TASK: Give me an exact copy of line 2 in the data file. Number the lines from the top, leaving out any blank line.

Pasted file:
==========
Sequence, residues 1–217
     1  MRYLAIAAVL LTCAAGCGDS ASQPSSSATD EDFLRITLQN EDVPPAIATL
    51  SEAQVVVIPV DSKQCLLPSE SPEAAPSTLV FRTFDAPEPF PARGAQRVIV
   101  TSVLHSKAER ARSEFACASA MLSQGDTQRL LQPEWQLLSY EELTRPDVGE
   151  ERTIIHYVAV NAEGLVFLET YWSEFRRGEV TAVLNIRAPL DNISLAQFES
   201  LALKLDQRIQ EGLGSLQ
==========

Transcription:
     1  MRYLAIAAVL LTCAAGCGDS ASQPSSSATD EDFLRITLQN EDVPPAIATL